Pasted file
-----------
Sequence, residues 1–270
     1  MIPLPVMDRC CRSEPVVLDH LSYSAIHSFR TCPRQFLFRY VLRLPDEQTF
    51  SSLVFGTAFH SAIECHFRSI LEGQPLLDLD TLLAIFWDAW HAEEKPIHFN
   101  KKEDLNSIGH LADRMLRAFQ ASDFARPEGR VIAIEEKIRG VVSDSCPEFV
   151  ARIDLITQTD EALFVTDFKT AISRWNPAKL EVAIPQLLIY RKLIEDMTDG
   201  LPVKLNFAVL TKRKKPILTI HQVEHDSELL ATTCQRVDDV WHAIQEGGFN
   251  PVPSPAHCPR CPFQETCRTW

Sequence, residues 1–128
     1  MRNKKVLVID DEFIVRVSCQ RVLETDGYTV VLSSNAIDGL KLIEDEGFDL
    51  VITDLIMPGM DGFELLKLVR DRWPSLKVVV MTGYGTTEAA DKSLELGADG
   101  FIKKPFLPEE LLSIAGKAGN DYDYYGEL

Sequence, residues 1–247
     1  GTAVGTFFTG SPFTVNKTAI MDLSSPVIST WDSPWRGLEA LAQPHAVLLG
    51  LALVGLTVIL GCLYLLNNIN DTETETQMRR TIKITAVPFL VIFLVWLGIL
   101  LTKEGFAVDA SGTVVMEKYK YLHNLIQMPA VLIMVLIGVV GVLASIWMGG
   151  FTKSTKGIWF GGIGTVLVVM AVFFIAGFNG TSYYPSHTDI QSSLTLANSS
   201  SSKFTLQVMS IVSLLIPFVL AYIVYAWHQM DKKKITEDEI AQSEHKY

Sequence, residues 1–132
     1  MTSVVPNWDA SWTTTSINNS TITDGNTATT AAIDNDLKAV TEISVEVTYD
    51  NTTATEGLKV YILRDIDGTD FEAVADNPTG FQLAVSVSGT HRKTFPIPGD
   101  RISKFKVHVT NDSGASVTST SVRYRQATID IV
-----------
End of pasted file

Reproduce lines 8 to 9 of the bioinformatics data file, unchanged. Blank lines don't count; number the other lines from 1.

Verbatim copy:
Sequence, residues 1–128
     1  MRNKKVLVID DEFIVRVSCQ RVLETDGYTV VLSSNAIDGL KLIEDEGFDL